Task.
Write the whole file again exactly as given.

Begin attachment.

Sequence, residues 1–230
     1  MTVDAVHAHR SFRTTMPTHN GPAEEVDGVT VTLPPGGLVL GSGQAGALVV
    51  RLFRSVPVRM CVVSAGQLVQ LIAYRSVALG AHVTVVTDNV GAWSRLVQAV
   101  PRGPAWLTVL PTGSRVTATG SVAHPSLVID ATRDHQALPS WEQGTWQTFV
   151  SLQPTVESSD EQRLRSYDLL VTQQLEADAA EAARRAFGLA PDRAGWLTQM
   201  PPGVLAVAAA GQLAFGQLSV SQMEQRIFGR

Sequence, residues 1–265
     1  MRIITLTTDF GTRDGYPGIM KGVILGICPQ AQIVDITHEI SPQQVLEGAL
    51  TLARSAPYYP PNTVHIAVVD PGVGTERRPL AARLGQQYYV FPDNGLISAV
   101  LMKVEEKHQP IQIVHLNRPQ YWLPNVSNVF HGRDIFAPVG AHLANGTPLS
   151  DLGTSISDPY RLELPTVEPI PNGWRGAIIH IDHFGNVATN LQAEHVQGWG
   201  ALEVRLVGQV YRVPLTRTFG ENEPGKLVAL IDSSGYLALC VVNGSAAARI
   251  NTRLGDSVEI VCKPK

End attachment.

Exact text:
Sequence, residues 1–230
     1  MTVDAVHAHR SFRTTMPTHN GPAEEVDGVT VTLPPGGLVL GSGQAGALVV
    51  RLFRSVPVRM CVVSAGQLVQ LIAYRSVALG AHVTVVTDNV GAWSRLVQAV
   101  PRGPAWLTVL PTGSRVTATG SVAHPSLVID ATRDHQALPS WEQGTWQTFV
   151  SLQPTVESSD EQRLRSYDLL VTQQLEADAA EAARRAFGLA PDRAGWLTQM
   201  PPGVLAVAAA GQLAFGQLSV SQMEQRIFGR

Sequence, residues 1–265
     1  MRIITLTTDF GTRDGYPGIM KGVILGICPQ AQIVDITHEI SPQQVLEGAL
    51  TLARSAPYYP PNTVHIAVVD PGVGTERRPL AARLGQQYYV FPDNGLISAV
   101  LMKVEEKHQP IQIVHLNRPQ YWLPNVSNVF HGRDIFAPVG AHLANGTPLS
   151  DLGTSISDPY RLELPTVEPI PNGWRGAIIH IDHFGNVATN LQAEHVQGWG
   201  ALEVRLVGQV YRVPLTRTFG ENEPGKLVAL IDSSGYLALC VVNGSAAARI
   251  NTRLGDSVEI VCKPK